Especially the use of gaze as a mechanic! He's right that games tend to treat where the player is looking as irrelevant beyond what the player sees. The idea of gaze as meaningful to other characters is slowly creeping into games, though the only examples I can think of are in Resident Evil 4 and Nier:Automata, and both involve trying to look up someone's skirt, so yeah, long way to go there.

It's interesting that his medium of choice is not just video games, the but high production value, AAA-quality video game. I don't know if this game would have the same effect as it would if it didn't have the production values. It certainly wouldn't have the same, er, visceral effect. He's clearly baiting Twitch with fleshy firearm pseudo-penises, and I really do wonder what the outcome will be. They've put themselves in a position based on the same bizarre social acceptance of violence and rejection of sexuality (and specifically anything outside of the "norm") that affect our culture in general. I hope it at least provokes some discussion on that front and hopefully some review of Twitch's policies, though I would honestly be surprised.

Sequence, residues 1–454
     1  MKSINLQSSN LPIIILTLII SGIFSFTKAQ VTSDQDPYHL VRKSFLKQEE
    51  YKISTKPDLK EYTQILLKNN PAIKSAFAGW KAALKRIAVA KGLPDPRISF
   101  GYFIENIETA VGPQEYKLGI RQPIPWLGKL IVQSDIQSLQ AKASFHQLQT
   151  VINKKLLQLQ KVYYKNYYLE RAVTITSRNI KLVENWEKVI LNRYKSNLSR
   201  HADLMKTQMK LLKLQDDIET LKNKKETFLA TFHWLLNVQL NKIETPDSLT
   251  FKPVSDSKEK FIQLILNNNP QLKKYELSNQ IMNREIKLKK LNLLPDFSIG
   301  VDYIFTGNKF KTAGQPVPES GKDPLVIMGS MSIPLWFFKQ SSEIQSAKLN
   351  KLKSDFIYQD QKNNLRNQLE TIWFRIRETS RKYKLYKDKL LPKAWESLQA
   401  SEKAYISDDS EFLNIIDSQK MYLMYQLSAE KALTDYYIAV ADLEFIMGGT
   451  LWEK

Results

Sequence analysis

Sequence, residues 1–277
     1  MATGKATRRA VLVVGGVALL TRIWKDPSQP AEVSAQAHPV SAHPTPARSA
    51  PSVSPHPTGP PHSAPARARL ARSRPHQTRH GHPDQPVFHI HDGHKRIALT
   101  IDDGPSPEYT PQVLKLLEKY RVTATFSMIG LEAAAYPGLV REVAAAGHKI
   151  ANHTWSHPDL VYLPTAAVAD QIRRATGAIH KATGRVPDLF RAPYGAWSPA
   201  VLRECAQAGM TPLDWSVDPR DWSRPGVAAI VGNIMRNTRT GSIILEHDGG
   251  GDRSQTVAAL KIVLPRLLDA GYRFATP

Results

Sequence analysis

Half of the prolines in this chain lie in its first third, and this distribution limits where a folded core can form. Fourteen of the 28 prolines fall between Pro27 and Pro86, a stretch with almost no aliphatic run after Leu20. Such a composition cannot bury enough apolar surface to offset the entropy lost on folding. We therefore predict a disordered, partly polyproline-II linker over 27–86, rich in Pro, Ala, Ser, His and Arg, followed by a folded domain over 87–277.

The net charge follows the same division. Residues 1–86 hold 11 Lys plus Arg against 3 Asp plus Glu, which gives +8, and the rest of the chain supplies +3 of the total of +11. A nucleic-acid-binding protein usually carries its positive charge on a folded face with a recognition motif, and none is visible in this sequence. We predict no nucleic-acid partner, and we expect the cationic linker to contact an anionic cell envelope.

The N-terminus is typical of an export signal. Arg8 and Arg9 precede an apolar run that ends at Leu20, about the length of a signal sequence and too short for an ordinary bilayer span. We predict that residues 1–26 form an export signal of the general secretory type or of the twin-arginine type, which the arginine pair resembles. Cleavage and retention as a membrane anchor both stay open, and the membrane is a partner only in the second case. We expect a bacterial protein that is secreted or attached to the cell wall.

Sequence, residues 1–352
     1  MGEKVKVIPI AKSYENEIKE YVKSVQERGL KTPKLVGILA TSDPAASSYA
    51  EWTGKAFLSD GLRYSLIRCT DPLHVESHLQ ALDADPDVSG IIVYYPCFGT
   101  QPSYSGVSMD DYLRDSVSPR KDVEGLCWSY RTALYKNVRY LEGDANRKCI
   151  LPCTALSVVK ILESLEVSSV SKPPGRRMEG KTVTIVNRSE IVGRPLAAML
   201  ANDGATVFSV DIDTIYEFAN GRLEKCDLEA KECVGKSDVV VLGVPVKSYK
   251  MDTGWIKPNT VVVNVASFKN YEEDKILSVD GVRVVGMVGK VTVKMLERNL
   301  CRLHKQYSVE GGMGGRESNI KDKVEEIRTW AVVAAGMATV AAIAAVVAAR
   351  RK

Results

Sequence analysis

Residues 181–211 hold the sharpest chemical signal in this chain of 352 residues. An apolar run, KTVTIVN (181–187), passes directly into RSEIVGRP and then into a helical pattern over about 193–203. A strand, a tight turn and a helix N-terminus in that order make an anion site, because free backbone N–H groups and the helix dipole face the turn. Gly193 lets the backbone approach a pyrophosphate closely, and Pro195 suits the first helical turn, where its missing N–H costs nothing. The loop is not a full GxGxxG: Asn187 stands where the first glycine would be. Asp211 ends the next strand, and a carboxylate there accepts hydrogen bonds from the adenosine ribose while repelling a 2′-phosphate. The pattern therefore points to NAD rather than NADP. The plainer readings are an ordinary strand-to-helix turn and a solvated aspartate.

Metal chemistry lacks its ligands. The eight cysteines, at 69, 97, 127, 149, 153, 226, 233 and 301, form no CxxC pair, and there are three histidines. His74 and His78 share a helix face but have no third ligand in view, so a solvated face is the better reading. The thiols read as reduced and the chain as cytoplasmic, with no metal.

Beyond all that, cruising itself seems to be a form of game with its own rules, goals, and consequences, some quite severe, that I would certainly never get to experience outside of a game. I get to murder people quite a lot in games though I wouldn't do it in real life, so I'm glad that there's someone broadening the kinds of experiences games address, which he was doing even before his projects became more explicitly sexual.
posted by Durhey at 1:54 PM on June 30, 2017 [2 favorites]

Yang has a bit more to say about the game here, and why he makes one-room games. He is really interesting both on general game design, and on the design of his own games.
posted by zompist at 4:09 AM on July 9, 2017